let’s transition to wide receiver J.J. Arcega-Whiteside, the talented wideout
from Stanford and to me, was one of the more intriguing big receivers in this
draft. His ability to go up and win at the catch point was second to pretty much
anybody in this class, but you don’t need to hear it from me.
Let’s talk with Ryan Myers, the West Coast scout for the Eagles. We talked to
him last week about Andre Dillard. We’re bringing him back now this week to talk
about J.J. Arcega-Whiteside. Alright, so we’re going to welcome back to the show
West Coast area scout Ryan Myers and Ryan, we talked last week about Andre
Dillard. This week, we’re going to talk about J.J. Arcega-Whiteside, another
guy that you scouted personally out on the West Coast from Stanford. Take us
through your first impression. What was the first time you saw J.J. and what were
your first impressions of him upon seeing him? Yeah, so I watched J.J. practice
live twice. Really impressed us with his practice habits, the way that he
approached the field work. Just extremely focused. Then I also saw him play live
twice. I saw him versus Utah where he went eight for 103 then I also saw him
versus Cal, where he went five for 109. The live action with this guy
really stood out. Just it’s extremely big, physical player, physical blocker of the
run game. Knows how to leverage his body, get off press. He’s just an extremely
impressive guy. So it was good to see him live. Obviously, his
ability to just go up and win. I mean, when you look at some of the other big
receivers in this class — I’ve said this in weeks past on the show —
that’s where he kind of sets himself a part. We talked about guys like Hakeem Butler and D.K. Metcalf and some of these other big receivers
that were in this class, to me J.J. was just so natural at the catch point
and that showed up week in, week out with him. That’s right. You look at this
guy’s size, 6-2, 225. He runs really well. He ran a 4.48 at his pro day. His catch radius is really what stands out. Thirty-three and a
quarter inch arms. He’s got an 80-inch wingspan/ I don’t think he’s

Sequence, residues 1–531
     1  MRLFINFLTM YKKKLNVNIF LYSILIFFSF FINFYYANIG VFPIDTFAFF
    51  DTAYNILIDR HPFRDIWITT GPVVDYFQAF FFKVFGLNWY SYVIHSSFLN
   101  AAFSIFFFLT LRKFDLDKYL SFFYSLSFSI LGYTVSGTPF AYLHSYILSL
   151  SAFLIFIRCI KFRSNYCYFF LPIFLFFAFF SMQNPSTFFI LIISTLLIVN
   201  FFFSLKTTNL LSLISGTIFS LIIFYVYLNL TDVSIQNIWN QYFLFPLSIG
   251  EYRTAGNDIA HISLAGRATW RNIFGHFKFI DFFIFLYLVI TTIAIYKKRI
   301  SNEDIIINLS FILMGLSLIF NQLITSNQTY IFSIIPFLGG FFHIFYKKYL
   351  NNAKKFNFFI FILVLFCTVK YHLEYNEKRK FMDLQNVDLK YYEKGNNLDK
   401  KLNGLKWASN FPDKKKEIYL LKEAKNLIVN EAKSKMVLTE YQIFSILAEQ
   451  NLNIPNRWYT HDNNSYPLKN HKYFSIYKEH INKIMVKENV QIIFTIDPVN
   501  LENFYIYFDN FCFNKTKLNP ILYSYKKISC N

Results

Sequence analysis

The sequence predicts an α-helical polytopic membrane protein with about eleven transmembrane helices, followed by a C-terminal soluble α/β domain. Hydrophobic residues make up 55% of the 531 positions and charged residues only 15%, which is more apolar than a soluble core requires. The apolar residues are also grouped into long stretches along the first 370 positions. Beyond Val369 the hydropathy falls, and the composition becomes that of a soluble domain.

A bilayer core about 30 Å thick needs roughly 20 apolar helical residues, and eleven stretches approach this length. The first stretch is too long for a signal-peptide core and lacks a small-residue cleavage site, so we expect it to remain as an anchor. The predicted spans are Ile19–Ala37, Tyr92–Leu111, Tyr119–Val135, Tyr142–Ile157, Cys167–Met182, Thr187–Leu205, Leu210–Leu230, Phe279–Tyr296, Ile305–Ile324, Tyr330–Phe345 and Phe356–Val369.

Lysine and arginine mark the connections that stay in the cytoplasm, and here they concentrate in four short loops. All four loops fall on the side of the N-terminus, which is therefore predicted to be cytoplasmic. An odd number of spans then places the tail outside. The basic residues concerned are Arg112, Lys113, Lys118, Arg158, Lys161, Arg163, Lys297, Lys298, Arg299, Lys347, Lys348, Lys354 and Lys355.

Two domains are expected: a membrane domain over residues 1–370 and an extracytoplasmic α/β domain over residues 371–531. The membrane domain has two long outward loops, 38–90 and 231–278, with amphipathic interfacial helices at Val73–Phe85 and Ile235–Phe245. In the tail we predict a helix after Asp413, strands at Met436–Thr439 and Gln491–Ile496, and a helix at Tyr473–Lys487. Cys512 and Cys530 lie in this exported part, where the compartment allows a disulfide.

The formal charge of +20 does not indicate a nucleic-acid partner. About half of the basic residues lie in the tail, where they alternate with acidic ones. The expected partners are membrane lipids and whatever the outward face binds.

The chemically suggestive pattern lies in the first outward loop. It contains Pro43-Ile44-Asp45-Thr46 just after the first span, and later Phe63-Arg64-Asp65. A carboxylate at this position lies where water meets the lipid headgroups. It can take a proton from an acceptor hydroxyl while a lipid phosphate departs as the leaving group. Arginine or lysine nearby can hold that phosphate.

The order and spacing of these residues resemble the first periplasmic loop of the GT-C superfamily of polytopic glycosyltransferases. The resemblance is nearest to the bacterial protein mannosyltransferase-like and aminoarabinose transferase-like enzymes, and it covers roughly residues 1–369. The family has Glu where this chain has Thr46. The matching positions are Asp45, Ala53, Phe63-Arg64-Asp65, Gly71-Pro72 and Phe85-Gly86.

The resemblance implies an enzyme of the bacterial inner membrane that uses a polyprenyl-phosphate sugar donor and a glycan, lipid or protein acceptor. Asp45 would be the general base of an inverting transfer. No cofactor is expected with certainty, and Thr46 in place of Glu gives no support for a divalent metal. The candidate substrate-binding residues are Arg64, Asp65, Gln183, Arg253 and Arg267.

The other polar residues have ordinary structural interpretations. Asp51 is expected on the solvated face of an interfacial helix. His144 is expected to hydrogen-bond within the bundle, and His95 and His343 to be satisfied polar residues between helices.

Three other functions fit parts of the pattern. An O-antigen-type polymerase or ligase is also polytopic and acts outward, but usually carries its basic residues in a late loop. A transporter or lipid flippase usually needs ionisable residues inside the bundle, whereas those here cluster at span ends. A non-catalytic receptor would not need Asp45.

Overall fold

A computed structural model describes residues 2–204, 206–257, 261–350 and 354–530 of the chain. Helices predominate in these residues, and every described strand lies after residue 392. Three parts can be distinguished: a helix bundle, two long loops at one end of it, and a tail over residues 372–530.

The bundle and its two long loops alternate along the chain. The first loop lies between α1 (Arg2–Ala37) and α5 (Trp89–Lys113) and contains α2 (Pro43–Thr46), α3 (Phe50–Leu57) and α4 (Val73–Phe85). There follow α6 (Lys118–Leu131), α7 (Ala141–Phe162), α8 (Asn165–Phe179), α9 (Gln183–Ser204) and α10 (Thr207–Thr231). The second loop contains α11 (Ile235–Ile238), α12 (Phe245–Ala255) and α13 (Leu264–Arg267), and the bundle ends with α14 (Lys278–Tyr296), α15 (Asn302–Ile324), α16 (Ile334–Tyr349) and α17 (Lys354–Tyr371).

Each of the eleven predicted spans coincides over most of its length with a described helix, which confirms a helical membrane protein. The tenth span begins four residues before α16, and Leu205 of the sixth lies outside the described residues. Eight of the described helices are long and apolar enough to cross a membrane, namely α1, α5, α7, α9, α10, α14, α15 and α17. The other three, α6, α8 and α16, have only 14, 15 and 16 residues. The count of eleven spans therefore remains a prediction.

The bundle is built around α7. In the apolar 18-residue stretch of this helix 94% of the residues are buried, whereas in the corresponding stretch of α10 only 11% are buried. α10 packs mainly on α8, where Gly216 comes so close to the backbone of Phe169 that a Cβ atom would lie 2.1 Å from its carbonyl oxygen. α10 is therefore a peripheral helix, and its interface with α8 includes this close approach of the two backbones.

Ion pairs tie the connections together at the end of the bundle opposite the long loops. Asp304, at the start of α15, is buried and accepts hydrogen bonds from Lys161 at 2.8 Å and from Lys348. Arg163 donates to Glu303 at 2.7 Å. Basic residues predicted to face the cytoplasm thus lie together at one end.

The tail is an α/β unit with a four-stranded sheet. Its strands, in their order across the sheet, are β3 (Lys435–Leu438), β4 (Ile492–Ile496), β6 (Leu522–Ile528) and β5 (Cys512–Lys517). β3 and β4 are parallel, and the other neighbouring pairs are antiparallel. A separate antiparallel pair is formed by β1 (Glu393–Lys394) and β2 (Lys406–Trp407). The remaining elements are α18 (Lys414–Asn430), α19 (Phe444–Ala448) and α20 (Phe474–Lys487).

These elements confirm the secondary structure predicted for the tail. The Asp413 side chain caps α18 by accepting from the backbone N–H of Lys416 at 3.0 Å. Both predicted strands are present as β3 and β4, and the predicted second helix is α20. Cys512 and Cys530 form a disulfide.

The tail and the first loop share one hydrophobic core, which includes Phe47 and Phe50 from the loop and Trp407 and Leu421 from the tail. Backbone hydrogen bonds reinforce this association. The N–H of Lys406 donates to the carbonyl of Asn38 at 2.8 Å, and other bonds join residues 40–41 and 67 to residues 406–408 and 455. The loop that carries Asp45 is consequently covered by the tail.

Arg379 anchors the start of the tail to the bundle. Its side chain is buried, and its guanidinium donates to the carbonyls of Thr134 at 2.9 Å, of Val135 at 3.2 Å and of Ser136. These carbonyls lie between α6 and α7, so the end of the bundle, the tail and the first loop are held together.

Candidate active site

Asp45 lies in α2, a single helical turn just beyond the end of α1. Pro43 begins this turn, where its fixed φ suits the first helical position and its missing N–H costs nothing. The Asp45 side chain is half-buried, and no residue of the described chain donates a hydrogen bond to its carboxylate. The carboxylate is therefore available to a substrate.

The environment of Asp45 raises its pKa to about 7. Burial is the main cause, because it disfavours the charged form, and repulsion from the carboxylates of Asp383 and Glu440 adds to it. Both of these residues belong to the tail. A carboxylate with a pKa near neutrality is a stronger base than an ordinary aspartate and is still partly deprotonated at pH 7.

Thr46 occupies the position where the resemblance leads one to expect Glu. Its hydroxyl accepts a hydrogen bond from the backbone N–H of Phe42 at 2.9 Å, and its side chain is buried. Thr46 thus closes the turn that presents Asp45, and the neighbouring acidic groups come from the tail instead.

ever covered because he can go up the ball just like you said. He wins in
the 50-50 situations. He understands how to leverage defenders
and shield guys, go up over the top of guys. He’s got really good hand strength
to come down with the ball when guys are trying to rip it out. He’s going to
translate really well to Philly, especially when you get into the some of
them cold weather games. A big, physical guy that can rip ball to the air.
Carson’s gonna love this guy. There’s no question about it. We heard earlier from
David Shaw, the head coach from Stanford, he and I talked about one play against
USC. I wasn’t sure if you if you saw this game. The USC game,
Bryce Love breaks off like a 50-yard run down the left side and here comes J.J.
screaming from the opposite side of the field out as a lead blocker. Is that that
competitiveness, that urgency. Is that something that you saw kind of from him,
both seeing him live, both in games, and then also in practice? I did.
Everybody that you talk to, especially coach Shaw, this guy was a team
captain, extremely well-respected, natural leadership skills. He was all about the
team and that play that you just referred to, that goes with his
personality. Team guy all the way. He’s really smart. He knows all the
assignments. He’s gonna come in. He’s going to learn the playbook.
He’ll be able to play every spot for us. I would imagine inside, outside. And like
I said, he’s tough. He loves to compete. He’s just wired like an Eagle. All the way.
Great stuff there from Ryan Myers. Moving on now, I had the pleasure of
talking with David Shaw, the head coach from Stanford a handful of times over the
last few years and he is always just outstanding. He’s a great interview. One
of my favorites in all of college football and he gives great insight not
just into what the guy is on the field and what he can do for you, but then also
what he provides off the field. He does a great job of developing those young men
out there at Stanford and ultimately we were able to catch up with David Shaw
Saturday morning of the draft, myself and Amy Campbell, to talk with David about J.J.
Arcega-Whiteside and what he will bring to the Eagles in this great
interview. We now welcome in Stanford head football coach David Shaw, now
former coach of new Eagles wide receiver draft pick J.J. Arcega-Whiteside and
coach, you’ve had the opportunity to coach and get to know this
young man. Tell us what are Eagles fans looking forward to with him. At the most
basic thing for J.J., the two things he does on an elite level, number one is he
changes field position. This guy makes big plays down the field, up the
seam, on the outside. Got great body control. He just changes field
position and secondly, he scoures touchdowns. When he gets
one-on-one the end zone, he’s got an unbelievable catch radius. He’s got an
unbelievable – and I’m using that word truly — unbelievable body control. This guy
fights through pass interference, people are grabbing him, pushing him. They a bunch of different ways to stop him and he just goes up and elevates and takes the ball
away and it’s fun to watch. Coach, I think by my count he drew 11 flags
in the secondary last year. Defenses had no way to be able to stop him.
What is it like as an offensive coach to have a guy that you know and everybody
else in the stadium knows the ball is going to this guy and you can’t do
anything to stop us from getting it to him. It’s a great feeling and
he is extremely quarterback friendly. He’s gotten really good at getting
releases and giving the quarterback a window to throw to and what a lot of
people forget is that he is 225 pounds, so he doesn’t get pushed off the spot very
easily. But when he gets a release, if he can hold a DB up the field, whether it’s